Avenue A Razorfish 2008 Digital Outlook Report

futurelab default header

by: Guy Kawasaki 

Avenue A Razorfish released the 2008 Digital Outlook Report yesterday. The purpose of the report is to help Avenue A’s clients understand consumer behavior in the digital space.

In the report experts cover topics such as media spending, mobile web usage, social influence marketing, the state of search, and behavior targeting. Here are some tidbits from the report:

  • Vertical content properties and paid search were the biggest beneficiaries of the increase in spending. Verticals grew from a 37% share in 2006 to 39% in 2007. Increasingly, advertisers are showing a desire to work with a broader range of partners, as evidenced by the expansion of the number of sites the agency used in 2007. The majority of that expansion has occurred in the vertical category.

  • In difficult economic conditions, the most accountable marketing channels will be best insulated from cuts in spending. This clearly bodes well for online advertising relative to other channels. However, there will be an impact, even in the most efficient digital channel–search marketing. Search has become a powerful tool for shoppers, and in a recessionary environment, consumers will search, shop, and buy less frequently.

  • Only a few years ago, a Web site’s home page was the most prime piece of digital real estate a publisher could offer. Not so much today, however. The relevance of the home page as a media buy is on the wane. Search, social networks, blogs, and RSS (among a host of other online sources) are driving more and more users deep into today’s Web properties. Now, the majority of consumers bypass a site’s home page completely.

  • Every page is now a home page, each of which will have a wider reach, a lasting shelf life, and the ability to attract a new audience like never before. To capitalize on this, ensure that every page has a strong, clear global navigation scheme and related content that is visibly promoted. And don’t forget to make sure that display advertising gets prominent, above-the-fold, home-page-like treatment (300×250 rectangles and 728×90 leaderboards). Remember, every page can be accessed in any conceivable manner and in any conceivable order–you can’t design properties to control user flow anymore.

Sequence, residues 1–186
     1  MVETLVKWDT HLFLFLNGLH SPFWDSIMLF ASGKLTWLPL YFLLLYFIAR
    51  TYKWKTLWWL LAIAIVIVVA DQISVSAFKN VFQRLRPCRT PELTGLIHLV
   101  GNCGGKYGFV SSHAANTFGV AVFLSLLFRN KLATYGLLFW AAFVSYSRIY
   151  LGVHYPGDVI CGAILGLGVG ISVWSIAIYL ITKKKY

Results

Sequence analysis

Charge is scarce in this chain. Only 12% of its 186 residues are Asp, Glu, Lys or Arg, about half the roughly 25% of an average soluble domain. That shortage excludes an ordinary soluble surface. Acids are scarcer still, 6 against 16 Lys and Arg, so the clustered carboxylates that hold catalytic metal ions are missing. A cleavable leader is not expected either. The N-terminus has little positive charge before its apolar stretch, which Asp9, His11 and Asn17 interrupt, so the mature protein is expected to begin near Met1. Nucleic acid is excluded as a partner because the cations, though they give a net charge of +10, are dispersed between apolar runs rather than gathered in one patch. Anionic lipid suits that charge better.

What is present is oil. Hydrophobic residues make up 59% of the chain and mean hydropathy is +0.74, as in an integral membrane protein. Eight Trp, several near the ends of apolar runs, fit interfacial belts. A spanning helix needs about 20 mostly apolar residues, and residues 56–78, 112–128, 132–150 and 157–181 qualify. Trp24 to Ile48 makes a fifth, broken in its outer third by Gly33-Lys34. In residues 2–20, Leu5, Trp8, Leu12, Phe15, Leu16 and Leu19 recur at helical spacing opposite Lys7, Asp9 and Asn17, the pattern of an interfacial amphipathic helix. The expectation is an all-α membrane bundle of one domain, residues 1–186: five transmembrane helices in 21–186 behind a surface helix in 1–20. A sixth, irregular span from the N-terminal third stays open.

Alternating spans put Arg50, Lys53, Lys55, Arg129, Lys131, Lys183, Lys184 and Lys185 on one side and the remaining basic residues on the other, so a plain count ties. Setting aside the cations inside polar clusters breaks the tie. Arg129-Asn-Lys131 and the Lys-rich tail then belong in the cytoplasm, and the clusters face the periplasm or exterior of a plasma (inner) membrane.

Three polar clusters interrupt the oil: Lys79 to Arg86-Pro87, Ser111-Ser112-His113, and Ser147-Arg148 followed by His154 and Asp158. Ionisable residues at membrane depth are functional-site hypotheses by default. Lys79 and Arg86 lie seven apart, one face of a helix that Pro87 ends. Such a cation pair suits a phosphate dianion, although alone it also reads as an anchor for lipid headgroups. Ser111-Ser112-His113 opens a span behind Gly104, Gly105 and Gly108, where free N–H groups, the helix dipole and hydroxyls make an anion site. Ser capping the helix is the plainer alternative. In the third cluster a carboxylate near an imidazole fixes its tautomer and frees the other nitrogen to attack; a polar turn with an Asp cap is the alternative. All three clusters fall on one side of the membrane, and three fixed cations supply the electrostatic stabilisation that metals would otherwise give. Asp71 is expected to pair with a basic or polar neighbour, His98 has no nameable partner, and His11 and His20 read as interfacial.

• Despite user requests for a single mobile, PC, or gaming device to do everything, we found users increasingly willing to embrace multiple devices–even when those devices possess overlapping capabilities. For instance, a Nintendo Wii for the whimsical side of their gaming lives and an XBOX 360 for competition. A laptop for managing the business of life and another littered with stickers for fun. A smart phone for e-mail and a flip phone for weekends. We found users unwilling to make the compromises that come with an all-in-one while willing to embrace devices for different highly specialized aspects of their lives: “We bought my brother-in-law an iPhone specifically so we could get him to check his e-mail. Nothing else seemed to work.” (Laura, 26)

  • Consumers don’t see the Internet as something distinctly different from their offline worlds anymore, and they expect seamless transitions. Every key consumer activity has online and offline components–each one contributing to the total experience. The reason? Finally, the online world is getting more social, and as a result, more like the offline world.

  • In social media, marketers need to understand where their brands intersect with the passion points of their consumers. But ultimately, they need to empower consumers to express themselves via their connection to the brand. In most cases, brands can craft the framework of a campaign, but the customization of content and the dialogue around the campaign will be up to the consumer.

The report is stuffed with useful information and challenging thoughts that will change a thousand PowerPoint presentations. The material is so good that I’m surprised that the Avenue A folks are letting me post the report in its entirety, so download it before they change their minds. The person who manages the report is senior vice president Jeff Lanctot, and he has just started a blog that’s worth checking out too.

Original Post: http://blog.guykawasaki.com/2008/02/avenue-a-razorf.html